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Here's what I mean by that. I'm making a short video with still images, but each one is animated Ken Burns style by gradually zooming in, or shifting position from left to right, or both. Sometimes, I'd like the motion to be diagonal as well.

My problem is that I want each animation to proceed at the same speed, but I can't find a good way to do this from one image to another. The only way I can see to make the animation is to create a keyframe at the in point, set the position or the scale, and then do the same at the out point. But it's nearly impossible to work out the right values for position or scale so that the transition from in to out happens at the same speed for one image as it does for another.

So, is there a way to create an animation by specifying the speed of the motion rather than the absolute start and end values?

  • would you be able to use After Effects? It sounds like it would be a job for expressions. – stib Mar 15 '17 at 12:19
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Simply create your motion keyframes on your longest clip placed on your timeline (or use a dummy clip which exceeds your longest clip by a few frames or even a second in case you later add an even longer clip/image to the sequence).

Once you have added you "start" motion position, set the keyframe, then the "end" motion position (I am guessing you will be doing pushes and pulls).

Select the clip on the sequence. CTRL-C Copy. Then use the C select tool (arrow) to lasso and select ALL the clips you want to apply the motion effect to.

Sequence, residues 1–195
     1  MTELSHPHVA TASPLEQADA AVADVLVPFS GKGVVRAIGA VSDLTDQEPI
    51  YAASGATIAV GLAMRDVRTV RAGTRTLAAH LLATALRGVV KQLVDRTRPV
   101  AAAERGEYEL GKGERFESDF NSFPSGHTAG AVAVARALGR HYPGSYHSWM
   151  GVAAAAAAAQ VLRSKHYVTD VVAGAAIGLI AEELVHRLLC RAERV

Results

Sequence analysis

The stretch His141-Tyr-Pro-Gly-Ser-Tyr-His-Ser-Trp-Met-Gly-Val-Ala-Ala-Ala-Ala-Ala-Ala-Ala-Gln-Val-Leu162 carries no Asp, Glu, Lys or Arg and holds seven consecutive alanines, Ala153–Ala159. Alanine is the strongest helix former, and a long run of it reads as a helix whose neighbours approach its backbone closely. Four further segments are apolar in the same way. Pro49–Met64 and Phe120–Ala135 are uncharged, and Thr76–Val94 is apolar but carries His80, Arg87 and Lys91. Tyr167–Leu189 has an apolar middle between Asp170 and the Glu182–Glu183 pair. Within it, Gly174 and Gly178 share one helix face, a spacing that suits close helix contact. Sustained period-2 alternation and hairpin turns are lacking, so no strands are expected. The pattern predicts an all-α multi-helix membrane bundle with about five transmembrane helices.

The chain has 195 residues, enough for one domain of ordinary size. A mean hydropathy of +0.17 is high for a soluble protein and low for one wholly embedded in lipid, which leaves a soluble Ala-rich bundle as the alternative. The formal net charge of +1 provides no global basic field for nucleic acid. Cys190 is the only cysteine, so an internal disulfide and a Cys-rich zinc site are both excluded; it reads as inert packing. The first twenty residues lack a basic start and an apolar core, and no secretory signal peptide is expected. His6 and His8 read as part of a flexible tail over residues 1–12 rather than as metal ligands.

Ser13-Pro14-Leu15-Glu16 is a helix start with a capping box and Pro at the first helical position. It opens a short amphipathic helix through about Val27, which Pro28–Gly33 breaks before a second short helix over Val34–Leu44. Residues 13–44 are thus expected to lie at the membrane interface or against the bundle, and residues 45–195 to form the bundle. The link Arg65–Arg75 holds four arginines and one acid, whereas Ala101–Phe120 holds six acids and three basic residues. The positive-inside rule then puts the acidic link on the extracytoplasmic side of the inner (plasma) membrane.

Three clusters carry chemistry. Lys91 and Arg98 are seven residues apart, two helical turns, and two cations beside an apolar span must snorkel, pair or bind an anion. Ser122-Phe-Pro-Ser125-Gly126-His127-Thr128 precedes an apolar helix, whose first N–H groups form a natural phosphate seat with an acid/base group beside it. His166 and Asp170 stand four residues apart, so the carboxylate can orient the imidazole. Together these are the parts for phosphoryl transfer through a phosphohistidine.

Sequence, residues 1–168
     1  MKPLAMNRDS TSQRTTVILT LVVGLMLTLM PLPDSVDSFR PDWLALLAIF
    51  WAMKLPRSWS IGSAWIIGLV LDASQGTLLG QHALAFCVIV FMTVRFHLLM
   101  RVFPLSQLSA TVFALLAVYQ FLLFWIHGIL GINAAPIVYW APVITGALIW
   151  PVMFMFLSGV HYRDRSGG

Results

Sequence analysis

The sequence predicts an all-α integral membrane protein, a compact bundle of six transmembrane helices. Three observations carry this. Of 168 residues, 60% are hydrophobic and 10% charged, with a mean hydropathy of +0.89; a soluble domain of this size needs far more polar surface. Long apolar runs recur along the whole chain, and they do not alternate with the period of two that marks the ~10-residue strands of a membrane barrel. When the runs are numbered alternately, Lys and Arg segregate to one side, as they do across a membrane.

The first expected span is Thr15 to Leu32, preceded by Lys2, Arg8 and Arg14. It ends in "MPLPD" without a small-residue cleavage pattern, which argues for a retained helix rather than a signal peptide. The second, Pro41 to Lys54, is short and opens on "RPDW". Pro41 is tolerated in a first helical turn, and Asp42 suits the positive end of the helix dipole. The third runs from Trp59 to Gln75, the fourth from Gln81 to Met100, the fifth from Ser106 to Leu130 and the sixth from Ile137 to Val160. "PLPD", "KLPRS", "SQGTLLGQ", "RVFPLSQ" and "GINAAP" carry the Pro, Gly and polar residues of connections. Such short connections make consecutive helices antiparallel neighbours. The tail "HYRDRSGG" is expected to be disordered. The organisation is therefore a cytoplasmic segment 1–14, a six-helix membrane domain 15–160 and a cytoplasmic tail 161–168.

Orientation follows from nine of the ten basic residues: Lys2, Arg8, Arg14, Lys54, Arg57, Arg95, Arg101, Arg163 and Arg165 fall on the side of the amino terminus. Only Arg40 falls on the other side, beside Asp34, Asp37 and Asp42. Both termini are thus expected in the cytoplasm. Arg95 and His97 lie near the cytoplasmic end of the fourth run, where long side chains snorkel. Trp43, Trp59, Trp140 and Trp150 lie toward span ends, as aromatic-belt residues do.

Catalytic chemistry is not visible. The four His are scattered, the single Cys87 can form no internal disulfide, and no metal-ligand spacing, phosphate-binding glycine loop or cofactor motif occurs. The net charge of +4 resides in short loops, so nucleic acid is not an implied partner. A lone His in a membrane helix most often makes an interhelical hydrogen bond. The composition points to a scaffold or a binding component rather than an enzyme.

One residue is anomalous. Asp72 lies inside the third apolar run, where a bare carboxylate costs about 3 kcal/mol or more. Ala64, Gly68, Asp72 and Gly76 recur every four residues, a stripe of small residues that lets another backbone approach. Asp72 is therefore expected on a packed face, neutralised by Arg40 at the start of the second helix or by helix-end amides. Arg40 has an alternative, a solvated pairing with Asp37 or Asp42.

Right mouse click the selected clips in the sequence, then click Paste Attributes.

This will paste the motion from your longest clip to all the clips; with the same relative speed. The keyframe for you "end" motion position on clips shorter than your "longest/dummy" clip will simply not be visible in the effects panel; because the keyframe will be out of range and past the tail of the clip.

However, the same speed motion will be applied.

If you are doing more than just a slow push or pull, or are dealing with various image sizes/aspect ratios; you may need to do a few "template moves" and apply the Paste Attribute command to the clips that require that specific move.

If you need to reset the motion; select the clips on the sequence; right mouse click; remove effects; click motion, click ok.

I would recommend also:

Run ALL your images through Image Processor using Adobe Bridge; and upres them larger than your sequence size. So if your working in a 1920x1080 workspace; use Tools; PhotoShop; Image Processor -> Resize Image (Then set a "SQUARE VALUE" of 2500 w by 2500 h). This will box in all your images to meet either an X or Y value of 2500 px depending on the orientation of the image.

Do not use Scale to Frame Size- as you will lose image quality on any push ins past 100%. Upresing your images using Image Processor will import all your images into PPro, and they will be larger than your sequence; so you have pull room, and push room, to go in and out, without your images pixelating.

You may want to go higher than 2500 px. I'd recommend 2-3x your horizontal resolution. (So if 1080p, scale them all to roughly 5000/5000). Photoshops resizing will provide much better results than PPro when moving/pushing in past 100% if your image doesnt meet your 1920 Width (if working in 1080).

Hope this solves it for you.

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This may vary depending on the duration of the animation. For example, moving 100 pixels on one image may not be enough to meet the needs for another image. On a different image you may need to move 200 pixels in the same amount of time. The latter will appear slightly faster than the former.

There's no way I can think of to standardize the same speed because the images may have different focal points. You may need to "eyeball" it as best as possible.

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